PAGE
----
I think that many times, people, engineers, when they’re thinking about doing mid/side processing – mid/side equalization, mid/side compression – they just assume, “oh, that’s the mid-channel that I’m applying this to, so I’m only doing it to signals that show up in my mid.”

What you’re really doing is applying mid/side, or mid/side equalization or compression, when you just affect the mid-channel, you’re still affecting everything across the whole stereo field, because it’s summed together. There’s nothing that gets cancelled out. So it’s things that are in the middle, and also things that are on the side.

What has happened though, is that the relative amplitude of things in the mid have been increased by this. So, because of the way that panning laws work, you see that things that were panned in the center are now relatively louder than things on the side, by about 3dB.

We then move on to the sides channel – the Left minus Right. It is the case that things that were panned to the center – our 500Hz tone – actually cancels out, because it’s identical on the left channel, and the right channel when they’re panned together, or summed together – or subtracted more exactly. That ends up being cancelled out.


So you have the sides are louder, and then everything that was panned maybe 50% to the left or 50% to the right, that’s relatively quieter.

So this is the basic setup that’s used for mid/side encoding. What you end up with – what you have in the mid and the sides channel. When you put them back together, you can – as long as you don’t do any processing – recover the original signals, too. The left and the right.

So let me get into, then, analyzing something that’s a little bit more complicated, where it’s using mid/side processing, but also doing some basic processing to the signal as well.

So I’ll bypass this one, and bring up a different plug-in. This one is called Center from Waves. It uses mid/side processing, but then what you have control of is just the relative amplitude of signals that are in the center channel, and signals that are in the sides channel – or the sums and the difference channels.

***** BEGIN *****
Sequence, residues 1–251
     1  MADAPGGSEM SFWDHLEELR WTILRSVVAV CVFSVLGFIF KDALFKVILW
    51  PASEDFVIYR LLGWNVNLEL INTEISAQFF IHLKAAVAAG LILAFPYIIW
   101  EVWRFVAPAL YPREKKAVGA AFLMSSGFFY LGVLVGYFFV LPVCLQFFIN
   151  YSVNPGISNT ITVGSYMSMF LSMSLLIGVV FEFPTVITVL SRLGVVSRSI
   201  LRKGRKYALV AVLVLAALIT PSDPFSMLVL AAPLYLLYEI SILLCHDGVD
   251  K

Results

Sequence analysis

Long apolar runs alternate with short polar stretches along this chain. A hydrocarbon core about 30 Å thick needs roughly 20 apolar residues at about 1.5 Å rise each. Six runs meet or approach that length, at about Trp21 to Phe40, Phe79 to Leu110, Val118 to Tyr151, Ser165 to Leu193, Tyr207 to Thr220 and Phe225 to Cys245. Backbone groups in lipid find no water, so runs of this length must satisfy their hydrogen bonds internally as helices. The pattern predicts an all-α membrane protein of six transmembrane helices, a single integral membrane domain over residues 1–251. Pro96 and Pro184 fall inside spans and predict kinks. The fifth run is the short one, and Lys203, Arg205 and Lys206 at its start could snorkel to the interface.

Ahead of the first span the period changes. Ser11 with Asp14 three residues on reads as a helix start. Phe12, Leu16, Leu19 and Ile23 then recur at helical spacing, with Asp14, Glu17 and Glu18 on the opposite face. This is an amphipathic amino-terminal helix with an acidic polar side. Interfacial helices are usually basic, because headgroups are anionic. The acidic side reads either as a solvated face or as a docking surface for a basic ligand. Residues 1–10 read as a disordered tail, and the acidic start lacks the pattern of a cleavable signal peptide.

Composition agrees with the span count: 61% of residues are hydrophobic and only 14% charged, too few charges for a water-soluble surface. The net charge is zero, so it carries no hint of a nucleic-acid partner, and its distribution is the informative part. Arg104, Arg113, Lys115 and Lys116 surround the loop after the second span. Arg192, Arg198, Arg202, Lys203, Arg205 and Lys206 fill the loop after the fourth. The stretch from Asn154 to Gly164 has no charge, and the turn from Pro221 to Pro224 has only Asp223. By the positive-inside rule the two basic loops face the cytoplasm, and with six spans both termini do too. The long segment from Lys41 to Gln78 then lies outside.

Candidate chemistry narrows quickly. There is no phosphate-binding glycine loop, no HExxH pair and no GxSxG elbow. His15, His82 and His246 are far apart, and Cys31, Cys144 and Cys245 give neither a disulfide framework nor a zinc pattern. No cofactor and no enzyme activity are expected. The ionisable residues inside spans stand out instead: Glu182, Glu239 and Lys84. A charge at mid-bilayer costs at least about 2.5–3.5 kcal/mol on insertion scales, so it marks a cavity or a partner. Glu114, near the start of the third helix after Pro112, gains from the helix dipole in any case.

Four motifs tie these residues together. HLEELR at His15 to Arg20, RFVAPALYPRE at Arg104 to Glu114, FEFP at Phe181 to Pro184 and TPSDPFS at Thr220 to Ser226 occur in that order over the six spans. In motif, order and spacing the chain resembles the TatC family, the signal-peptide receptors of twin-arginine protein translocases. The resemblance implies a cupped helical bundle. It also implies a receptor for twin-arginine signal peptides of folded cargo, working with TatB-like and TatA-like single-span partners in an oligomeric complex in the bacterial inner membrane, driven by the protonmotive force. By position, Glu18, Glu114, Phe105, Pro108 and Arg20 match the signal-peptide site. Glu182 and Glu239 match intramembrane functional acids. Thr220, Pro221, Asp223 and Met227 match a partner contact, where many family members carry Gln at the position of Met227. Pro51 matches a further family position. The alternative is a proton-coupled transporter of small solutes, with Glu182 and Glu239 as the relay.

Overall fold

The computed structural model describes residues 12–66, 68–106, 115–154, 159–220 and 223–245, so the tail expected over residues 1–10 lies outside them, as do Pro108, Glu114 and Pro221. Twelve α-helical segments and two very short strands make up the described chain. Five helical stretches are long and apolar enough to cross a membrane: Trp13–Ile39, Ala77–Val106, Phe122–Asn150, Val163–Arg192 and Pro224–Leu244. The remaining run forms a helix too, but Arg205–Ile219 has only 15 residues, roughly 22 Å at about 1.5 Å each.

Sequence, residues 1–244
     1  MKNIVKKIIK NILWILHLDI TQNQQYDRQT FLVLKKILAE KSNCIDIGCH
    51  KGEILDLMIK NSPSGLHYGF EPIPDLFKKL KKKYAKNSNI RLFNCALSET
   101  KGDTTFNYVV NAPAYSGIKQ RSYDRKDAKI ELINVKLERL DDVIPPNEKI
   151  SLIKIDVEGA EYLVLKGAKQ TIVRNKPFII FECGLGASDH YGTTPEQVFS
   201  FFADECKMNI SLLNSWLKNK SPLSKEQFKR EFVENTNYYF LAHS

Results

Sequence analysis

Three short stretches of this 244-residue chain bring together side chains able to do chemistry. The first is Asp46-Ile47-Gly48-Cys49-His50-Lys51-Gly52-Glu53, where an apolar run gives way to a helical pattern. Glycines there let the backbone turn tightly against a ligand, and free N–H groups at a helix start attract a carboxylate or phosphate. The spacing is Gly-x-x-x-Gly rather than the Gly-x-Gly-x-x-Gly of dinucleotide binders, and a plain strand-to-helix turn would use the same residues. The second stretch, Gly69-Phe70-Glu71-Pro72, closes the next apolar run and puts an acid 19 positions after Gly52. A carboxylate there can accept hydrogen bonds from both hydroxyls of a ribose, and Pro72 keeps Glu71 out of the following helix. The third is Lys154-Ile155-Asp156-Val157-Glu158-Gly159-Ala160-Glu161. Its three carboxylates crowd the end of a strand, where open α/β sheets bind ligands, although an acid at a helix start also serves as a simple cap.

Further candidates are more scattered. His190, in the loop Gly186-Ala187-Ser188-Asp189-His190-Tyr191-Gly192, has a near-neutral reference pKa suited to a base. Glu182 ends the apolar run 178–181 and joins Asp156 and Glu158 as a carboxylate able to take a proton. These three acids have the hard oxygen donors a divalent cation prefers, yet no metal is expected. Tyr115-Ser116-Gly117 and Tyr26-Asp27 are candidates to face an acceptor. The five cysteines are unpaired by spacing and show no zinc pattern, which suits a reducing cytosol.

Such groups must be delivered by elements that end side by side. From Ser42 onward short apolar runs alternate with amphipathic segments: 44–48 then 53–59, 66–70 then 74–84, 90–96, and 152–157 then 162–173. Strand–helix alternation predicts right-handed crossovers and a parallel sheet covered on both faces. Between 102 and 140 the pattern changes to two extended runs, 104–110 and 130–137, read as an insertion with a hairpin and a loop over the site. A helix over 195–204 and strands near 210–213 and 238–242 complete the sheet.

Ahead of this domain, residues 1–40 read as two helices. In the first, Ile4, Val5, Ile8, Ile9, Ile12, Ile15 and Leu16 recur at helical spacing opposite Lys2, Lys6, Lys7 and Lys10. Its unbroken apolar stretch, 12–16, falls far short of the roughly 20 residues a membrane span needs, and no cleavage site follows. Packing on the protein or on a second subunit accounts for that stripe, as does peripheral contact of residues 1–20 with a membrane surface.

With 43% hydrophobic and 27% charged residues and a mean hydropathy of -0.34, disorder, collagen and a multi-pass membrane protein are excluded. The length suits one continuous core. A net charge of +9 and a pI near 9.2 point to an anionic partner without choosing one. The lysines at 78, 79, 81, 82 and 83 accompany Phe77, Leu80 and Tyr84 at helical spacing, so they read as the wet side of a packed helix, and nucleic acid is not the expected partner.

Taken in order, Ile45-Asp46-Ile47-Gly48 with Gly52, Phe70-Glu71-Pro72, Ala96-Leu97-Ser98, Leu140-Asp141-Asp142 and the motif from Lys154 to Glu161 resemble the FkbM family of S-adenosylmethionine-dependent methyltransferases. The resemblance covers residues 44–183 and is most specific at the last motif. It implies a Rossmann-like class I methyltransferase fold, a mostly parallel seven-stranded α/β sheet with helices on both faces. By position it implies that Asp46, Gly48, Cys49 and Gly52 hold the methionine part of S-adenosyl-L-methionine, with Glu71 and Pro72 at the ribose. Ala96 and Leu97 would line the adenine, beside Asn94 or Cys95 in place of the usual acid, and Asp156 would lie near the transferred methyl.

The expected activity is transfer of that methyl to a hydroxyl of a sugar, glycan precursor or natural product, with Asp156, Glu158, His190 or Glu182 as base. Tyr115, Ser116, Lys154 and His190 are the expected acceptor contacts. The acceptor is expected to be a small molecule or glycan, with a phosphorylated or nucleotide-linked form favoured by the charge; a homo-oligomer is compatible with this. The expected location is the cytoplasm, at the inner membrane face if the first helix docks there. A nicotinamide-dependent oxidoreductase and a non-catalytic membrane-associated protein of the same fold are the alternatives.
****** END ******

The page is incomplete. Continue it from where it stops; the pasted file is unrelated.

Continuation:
So just like before, even though I’m sending these signals through this, and it’s performing mid/side decomposition encoding and decoding – this is my basic setup from before. Things that are panned in the left channel – things that are panned to the left are louder, things that are panned to the right are quieter. On the right side, the opposite is true.

Let me show you, then, what happens as soon as I just start to change the relative amplitude of these channels.

So, let’s say I go ahead and bring down this center channel. Let’s see what happens.

So when I bring down the center channel, some things start to happen – some strange things maybe start to appear over here in the spectrum. I can turn this center channel down. Let’s look at what ends up being the result on the left side and the right side.

So, what I started out with before was that I just had things that were panned to the left, and then this 2,000Hz tone that used to just be in the right channel, didn’t exist in the left channel, but as soon as I started to turn down the amplitude of this center channel, now I’ve got this tone that should be just panned all the way to the right – it starts to show up in my left channel.

This is because if you turn down the amplitude of the center channel, when this plug-in goes to do the mid/side decoding, it doesn’t perfectly cancel out. So now it starts to show up in the left side. Right?

It’s not just the case that this center channel by itself turns down just this peak that’s in the center. It also has a different result where things that are on the sides are also being affected. It has a lot to do with how the mid/side decomposition works.

Similarly, if I turn down the sides – right? If I turn down the sides, this tone on my left channel is reduced in amplitude, but what’s the result? 2,000 Hz starts to show up on my left channel that wasn’t there before, because it was just panned all the way over to the right.

Now, this is what happens when you’re just changing the relative amplitude here of the center and the sides channel. Certainly, if you start getting into mid/side equalization, or mid/side compression, where you’re changing the relative amplitude of certain frequencies, or changing the relative amplitude of the envelope of your signal, you can have even more complex things going on.

The thing I want you to take away from it is that mid/side processing – it can do great things for your mix, but it can also have some strange things start to happen, where things that used to be panned to one side, even 100% all the way to one side, the start to show up on the left channel or the right channel. The opposite one. Just by in this case, changing the relative amplitude. Any change that you make is going to affect how perfectly that mid/side decomposition – or decoding – works when it tries to put things back together.

So just be wary of that, and know that it exists, and be careful when you’re mixing. For the most part, it’s not a big problem, but you should just understand that these things are true.

So that’s going to bring me to the end of this video. In my next video on stereo image effects, I’m going to take a closer look at some stereo image widening effects. Compare and contrast the differences between a couple different ones, and show you some of the cool, kind of mysterious things about them.


Eric Tarr

Eric Tarr is a musician, audio engineer, and producer based in Nashville, TN. Currently, he is a Professor of Audio Engineering Technology at Belmont University.